A well-designed home ultimately offers lots of opportunities for natural light during the day, decreasing the need for daytime electricity. There are a variety of options to improve the natural lighting of your home during the daytime, including the installation of skylights or larger or additional windows. Another option for increasing daylight are solar tubes. Solar tubes reflect natural daylight into the home, even into centrally located rooms with less invasiveness, more cost effectiveness and less solar gain/loss.
As much as daylighting options help during the day, in the winter in Seattle even the best daylight benefits us for about 6 hours and supplemental light is extremely necessary.
The most energy efficient option for your home is choosing LED Bulbs and all of your lights on dimmers, so you are only using the electricity you need. There is now a wide array of conversion bulbs on the market, including decorative bulbs and replacement tubes for fluorescent fixtures.
CFL Bulbs (the twisty kind that are readily available everywhere and may be what you think of when you think of energy efficient lighting) are only 2nd best, and are still a ways off from LED.
One major problem with CFL’s is the issue of dimming, which usually offers an opportunity to use less electricity. Normally, dimmers work by breaking up the amount of electricity reaching the light fixture and actually making the light flicker (though invisible to the human eye). This is fine for a traditional light bulb, but is not compatable for the way a CFL bulb works. A dimmer (even when not used to dim) dramatically shortens the life of a CFL bulb (even the ones on the market that say they are dimmable), making the CFL last a very short period of time. Similarly, because CFLs are more sensitive to heat than ordinary bulbs, they should not be used in air-tight fixtures and recessed cans unless they are specifically rated for such use. The heat build-up will harm the electronic ballast and can also dramatically shorten its life.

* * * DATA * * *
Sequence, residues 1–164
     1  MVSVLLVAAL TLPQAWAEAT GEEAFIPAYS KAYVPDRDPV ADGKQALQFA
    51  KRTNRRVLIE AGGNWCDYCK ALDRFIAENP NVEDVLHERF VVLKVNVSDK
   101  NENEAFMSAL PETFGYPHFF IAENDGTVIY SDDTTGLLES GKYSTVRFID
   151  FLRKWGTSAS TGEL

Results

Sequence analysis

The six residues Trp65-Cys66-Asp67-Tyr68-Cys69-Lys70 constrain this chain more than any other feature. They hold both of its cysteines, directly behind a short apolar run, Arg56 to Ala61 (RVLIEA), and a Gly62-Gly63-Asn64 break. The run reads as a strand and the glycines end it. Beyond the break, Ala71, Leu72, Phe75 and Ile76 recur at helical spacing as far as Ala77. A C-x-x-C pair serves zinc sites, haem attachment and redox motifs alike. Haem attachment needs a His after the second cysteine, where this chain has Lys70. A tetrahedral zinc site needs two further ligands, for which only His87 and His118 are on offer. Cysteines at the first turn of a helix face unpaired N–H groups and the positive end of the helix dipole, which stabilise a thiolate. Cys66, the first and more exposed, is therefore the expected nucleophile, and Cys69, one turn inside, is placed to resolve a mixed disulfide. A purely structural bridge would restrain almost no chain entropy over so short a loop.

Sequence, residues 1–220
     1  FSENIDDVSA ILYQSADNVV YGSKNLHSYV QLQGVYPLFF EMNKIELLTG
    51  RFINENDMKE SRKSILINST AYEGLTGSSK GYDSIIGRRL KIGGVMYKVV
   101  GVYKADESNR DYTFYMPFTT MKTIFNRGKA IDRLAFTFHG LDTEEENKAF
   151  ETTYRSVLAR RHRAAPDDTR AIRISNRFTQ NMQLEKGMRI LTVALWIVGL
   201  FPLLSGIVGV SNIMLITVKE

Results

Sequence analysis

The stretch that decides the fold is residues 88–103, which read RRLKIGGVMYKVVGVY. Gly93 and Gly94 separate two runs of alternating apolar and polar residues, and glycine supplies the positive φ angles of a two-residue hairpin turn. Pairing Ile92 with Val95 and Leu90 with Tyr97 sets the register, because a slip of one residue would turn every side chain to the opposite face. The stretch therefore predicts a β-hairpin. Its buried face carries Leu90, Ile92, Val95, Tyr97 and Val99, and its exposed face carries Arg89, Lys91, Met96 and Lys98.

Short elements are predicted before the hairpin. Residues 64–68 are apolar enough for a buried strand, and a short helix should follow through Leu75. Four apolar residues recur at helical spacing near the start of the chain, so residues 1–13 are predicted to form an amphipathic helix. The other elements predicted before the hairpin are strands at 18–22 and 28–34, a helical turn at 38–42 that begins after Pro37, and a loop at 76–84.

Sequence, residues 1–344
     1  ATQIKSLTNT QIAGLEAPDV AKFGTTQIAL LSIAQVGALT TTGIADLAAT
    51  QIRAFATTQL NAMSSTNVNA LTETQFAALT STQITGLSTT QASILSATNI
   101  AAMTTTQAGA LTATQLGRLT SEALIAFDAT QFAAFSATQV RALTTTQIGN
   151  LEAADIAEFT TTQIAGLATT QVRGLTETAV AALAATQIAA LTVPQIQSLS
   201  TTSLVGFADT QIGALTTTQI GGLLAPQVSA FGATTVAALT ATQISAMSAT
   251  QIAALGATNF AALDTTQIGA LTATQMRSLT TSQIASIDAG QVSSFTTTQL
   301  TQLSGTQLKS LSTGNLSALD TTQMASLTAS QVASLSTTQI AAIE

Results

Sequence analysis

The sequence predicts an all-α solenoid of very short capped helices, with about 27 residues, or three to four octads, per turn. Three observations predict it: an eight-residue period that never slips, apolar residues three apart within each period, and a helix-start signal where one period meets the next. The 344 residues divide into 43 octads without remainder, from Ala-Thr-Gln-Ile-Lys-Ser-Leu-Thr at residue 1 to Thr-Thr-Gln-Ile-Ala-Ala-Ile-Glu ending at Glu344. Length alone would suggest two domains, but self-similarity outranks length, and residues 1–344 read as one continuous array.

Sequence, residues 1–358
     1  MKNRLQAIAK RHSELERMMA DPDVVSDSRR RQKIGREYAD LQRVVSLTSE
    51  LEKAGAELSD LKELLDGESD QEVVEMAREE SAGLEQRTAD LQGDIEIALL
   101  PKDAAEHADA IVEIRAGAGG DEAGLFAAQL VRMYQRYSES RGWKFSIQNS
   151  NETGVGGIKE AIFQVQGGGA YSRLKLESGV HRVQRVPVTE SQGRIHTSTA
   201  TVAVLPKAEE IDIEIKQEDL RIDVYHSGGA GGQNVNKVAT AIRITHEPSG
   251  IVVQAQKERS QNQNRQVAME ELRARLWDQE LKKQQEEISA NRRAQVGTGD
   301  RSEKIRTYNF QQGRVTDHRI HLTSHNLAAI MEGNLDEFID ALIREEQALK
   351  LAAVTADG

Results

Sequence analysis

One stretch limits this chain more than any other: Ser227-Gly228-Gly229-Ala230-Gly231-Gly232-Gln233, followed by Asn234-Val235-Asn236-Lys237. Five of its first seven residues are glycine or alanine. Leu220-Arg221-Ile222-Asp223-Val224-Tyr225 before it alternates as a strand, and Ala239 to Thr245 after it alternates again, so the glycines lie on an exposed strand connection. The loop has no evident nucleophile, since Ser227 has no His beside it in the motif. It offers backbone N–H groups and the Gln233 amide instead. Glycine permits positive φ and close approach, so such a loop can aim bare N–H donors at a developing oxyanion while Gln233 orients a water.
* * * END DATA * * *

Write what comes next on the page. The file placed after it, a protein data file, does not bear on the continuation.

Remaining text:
Finally, in addition to their persnickety nature, CFL’s contain a small amount of mercury and need to be recycled through special drop-off locations and not tossed into the regular garbage.
If you do nothing else, consider investing in dimmers and using them. Dimmers on incandescent and LED bulbs reduce the amount of energy you use when you reduce the light you use. By only using the amount of light you need, you can reduce your consumption of electricity.
Give us a call if you would like to get more advice on how to choose energy-efficient lighting solutions for your home.
Compact florescent bulbs and LED’s are now cheaper to buy and easier to find than ever before! The more specialized the bulb, the more likely you’ll have to shop online, but there are a plethora of options in both technologies and stores are following demand by carrying more in stock all the time. Save more with Seattle City Light’s Twist & Save Program, which provides instant savings on the bulbs at in-city hardware stores.
Laura, Sydney and Vivian hit the streets as a part of the CoolMom’s team sharing “Don’t Idle, Kids Breathe Here” advice with drivers at the Fauntleroy Ferry Dock.
West Seattle Blog caught the event on camera and shared CoolMom’s messages that:
- 10 seconds of idling uses more fuel than turning off the engine and restarting it.
- An idling vehicle emits 20 times more pollution than one traveling 32 mph.
- Idling 5 minutes daily emits 30 pounds of toxic pollutants and 300 pounds of carbon dioxide in a year.
Here are some more tips:
- Wait until everyone is settled in the car before turning the key.
- Turn it off at stoplights, drive-thrus, any time you idle for 10 seconds or more.
Start Counting! You will be surprised at how many opportunities you have to save gas, money and the planet!